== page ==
I subtly started singing it to jog his memory. From out of nowhere, Kevin appeared again (I described that skill of his earlier), and was absolutely incensed.
“John!!!” he roared, nostrils flaring and vein protruding from the center of his forehead. “I SAID STOP IT!!!”
I stopped it. There was no second encore.
I don’t know if there was some painful memory from Kevin’s past that had something to do with Star Trek, but from then on, I saved the soundtrack recitals for after I punched out.
But most of my memories of Kevin are indeed fond ones, and I know I endeared myself to him too. We had an unmistakable bond.
I worked at the restaurant through high school, throughout my first year of college, and then just summers and Christmas breaks (as a waiter) for the remainder of my undergrad. I built several strong, lasting friendships during that time (while gathering ample material for future book-series characters), but when I left for good to enter the adult workforce, I never saw Kevin again.
The restaurant’s now gone, and on rare occasions over the years, when Kevin would cross my mind (usually after shooting the breeze with an old colleague), I would try looking him up on social media. I hoped I’d luck out and find him there one day, but I never did, and never really expected to. He was a guy who mostly kept to himself (I don’t think he ever married or had kids), was uncomfortable sharing much about his private life, and assuredly would have thought of social media as a haven for horseplay and hi-jinks — the type of stuff he worked so hard to combat back at the restaurant.
I was sorry to hear that he passed away, and my heart goes out to his loved ones. I do wish I’d gotten to know him better than I did. He was both a worthy faux-adversary, and someone I respected for his work-ethic and fairness as a boss.
Rest in piece, Kevin. You’ll never be forgotten.
The Late Late Show with James Corden celebrated its 1000th episode last week, and as I wrote in a recent newsletter, my son and I were a part of it. Here we are during the BTS intro.
It’s not a crystal-clear screen shot, but the video itself a bit more defined.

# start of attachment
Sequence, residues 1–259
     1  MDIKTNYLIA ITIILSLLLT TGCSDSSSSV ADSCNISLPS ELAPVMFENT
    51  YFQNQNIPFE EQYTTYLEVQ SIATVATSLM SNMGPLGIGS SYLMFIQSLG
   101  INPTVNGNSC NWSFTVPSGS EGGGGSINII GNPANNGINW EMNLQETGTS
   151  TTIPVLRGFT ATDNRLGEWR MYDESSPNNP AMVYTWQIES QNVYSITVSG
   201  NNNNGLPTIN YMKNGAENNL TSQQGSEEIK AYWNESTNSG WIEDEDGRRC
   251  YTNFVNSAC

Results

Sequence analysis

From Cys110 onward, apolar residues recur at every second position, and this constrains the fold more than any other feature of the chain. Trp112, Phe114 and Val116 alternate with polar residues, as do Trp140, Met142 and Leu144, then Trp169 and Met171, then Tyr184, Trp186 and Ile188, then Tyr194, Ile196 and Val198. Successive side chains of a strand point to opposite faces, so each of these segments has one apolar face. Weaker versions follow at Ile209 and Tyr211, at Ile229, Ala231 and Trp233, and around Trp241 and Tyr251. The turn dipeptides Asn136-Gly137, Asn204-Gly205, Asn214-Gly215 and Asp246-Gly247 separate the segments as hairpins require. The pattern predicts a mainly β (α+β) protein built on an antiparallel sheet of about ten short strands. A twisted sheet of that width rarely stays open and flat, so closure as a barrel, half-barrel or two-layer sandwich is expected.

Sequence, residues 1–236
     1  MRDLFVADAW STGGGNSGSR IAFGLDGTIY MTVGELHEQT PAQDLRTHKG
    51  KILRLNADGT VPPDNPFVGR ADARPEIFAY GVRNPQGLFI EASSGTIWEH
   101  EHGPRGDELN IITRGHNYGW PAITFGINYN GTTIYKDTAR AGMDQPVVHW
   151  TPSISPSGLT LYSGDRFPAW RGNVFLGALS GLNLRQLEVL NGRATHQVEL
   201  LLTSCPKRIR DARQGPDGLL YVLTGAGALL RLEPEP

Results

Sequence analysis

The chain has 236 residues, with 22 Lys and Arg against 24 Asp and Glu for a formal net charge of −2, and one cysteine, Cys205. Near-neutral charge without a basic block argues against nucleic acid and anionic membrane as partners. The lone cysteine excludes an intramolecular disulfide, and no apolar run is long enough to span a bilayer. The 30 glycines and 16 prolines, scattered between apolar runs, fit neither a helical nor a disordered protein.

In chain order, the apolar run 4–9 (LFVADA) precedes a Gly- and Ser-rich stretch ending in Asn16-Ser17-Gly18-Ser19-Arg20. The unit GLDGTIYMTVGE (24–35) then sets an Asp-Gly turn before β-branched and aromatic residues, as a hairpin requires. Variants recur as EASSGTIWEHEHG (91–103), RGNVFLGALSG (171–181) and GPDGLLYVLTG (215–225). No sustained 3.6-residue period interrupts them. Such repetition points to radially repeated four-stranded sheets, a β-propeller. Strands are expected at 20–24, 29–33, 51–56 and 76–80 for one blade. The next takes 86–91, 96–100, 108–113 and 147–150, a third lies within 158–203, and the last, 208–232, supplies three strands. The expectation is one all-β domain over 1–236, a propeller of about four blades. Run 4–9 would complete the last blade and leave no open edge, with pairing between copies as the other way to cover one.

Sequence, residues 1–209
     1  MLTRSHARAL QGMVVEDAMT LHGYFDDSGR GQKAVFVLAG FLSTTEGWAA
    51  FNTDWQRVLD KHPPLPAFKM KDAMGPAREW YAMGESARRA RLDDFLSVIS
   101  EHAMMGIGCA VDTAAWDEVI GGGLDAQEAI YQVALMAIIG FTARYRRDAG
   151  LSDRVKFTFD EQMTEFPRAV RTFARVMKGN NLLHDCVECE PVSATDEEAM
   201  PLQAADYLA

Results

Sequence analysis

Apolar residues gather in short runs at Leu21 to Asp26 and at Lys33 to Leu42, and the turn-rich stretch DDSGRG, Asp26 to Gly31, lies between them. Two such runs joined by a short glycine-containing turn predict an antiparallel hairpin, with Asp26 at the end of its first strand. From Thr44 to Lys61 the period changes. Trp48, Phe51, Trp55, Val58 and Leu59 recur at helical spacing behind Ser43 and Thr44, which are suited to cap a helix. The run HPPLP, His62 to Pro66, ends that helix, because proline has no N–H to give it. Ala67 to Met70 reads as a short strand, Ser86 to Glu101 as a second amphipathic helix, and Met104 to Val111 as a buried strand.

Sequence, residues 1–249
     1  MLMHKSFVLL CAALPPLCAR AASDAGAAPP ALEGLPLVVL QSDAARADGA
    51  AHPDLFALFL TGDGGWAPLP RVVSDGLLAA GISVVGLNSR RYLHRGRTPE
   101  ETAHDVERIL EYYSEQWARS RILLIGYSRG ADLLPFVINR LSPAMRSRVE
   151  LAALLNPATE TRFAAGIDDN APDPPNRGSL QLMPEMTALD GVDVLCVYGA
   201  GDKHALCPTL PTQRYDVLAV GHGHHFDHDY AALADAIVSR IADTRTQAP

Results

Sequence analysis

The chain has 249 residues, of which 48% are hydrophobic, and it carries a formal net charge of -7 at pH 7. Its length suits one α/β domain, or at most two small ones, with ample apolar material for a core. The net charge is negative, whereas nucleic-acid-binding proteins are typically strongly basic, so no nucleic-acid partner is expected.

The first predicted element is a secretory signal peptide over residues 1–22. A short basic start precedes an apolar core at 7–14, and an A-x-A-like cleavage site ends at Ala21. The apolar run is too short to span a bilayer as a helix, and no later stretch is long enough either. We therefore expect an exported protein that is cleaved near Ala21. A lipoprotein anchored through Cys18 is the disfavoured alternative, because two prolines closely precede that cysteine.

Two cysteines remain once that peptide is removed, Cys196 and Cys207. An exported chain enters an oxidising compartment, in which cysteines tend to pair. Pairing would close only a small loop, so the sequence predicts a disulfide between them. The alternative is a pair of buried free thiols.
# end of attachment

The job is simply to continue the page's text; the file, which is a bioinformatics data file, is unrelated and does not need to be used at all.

Again, we had a great time. And since I said I’d share it when it aired, there you go.
A Rock Resurrection
A few days ago, I was posting a photo on Instagram when the platform suggested I follow a new account titled “Sugartooth,” the name of the 90s rock band I wrote about earlier this year; I had a bit of a relationship with them.
When I saw that actual members of the band (who split up 25 years ago) were already following it, I figured it might be of some interest (perhaps an archive of old band photos and videos). So, I went ahead and followed it.
The account’s first activity came last weekend, and it kind of took my breath away. It had nothing to do with the past, but rather… the future (you’ll probably need to click below to see the video):
That’s right, folks. They’re back! Original members Marc Hutner, Joey Castillo, and Josh Blum are working on brand new material, and according to Josh, they’ll be recording it in February.
I can’t express how pumped I am. For me, this is the most surprising and amazing music news in a very long time. I can’t wait to hear the new stuff.
If you liked any of their old material that I linked to in that past newsletter (or even if you didn’t listen to it), go ahead and give them a follow on Instagram.
Music to My Eyes
Some of you may recall me writing a good-sized newsletter about one of my favorite artists, Laurent Durieux, last year. I’m always amazed by how quickly the Belgian illustrator puts out new work, and I tend to think all of it is great, but some of his pieces blow me away more than others.
Below is one of them — a movie print he created for the Belgian thriller, Music Hole. I haven’t seen the film, and know pretty much nothing about it, but I absolutely love how the print looks, both in tone and imagery. So, I figured I’d share it.
Let me know what you think.
Obligatory Dog Shot
There’s a rumor she likes to go hiking.
Obligatory December Sunset Shot
… from a gas station parking lot.
Here’s an indisputable fact: in the early 1980s, rock/pop singer Bonnie Tyler was a freakin’ bad-ass. Her songs and vocals were nothing short of explosive, and I don’t care which of you makes fun of me for speaking that truth.
Though my personal favorite anthem of hers is the adrenaline-fueled “Holding Out for Hero” (from the Footloose soundtrack), her biggest hit was the iconic “Total Eclipse of the Heart.” Something I didn’t know until recently was that both songs were written by Jim Steinman, who is perhaps best known for his writing on Meatloaf’s “Bat Out of Hell” albums.
“Total Eclipse of the Heart” is on this week’s featured album, 1983’s “Faster than the Speed of Light.” The record also includes a cover of John Forgety’s “Have You Ever Seen the Rain?” and a song that co-writer Bryan Adams would later record for himself, “Straight from the Heart.”
On a side note, Adams also wrote the Joe Cocker hit, “When the Night Comes,” a song Adams says he wishes he would have kept for himself. If you’ve ever heard Adams perform it (quite beautifully) in concert, you can perhaps understand why.
On another side note: because my parents didn’t have cable television (and thus no MTV) when I was kid, I didn’t appreciate just how bat-sh*t crazy Bonnie Tyler’s videos were back then. If you’ve never seen the “literal” version of Eclipse that someone dubbed on YouTube, make sure that you check it out. It’s absolutely hilarious.
That’s all for now. Thanks for reading today’s Daly Grind.
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Take care. And I’ll talk to you soon!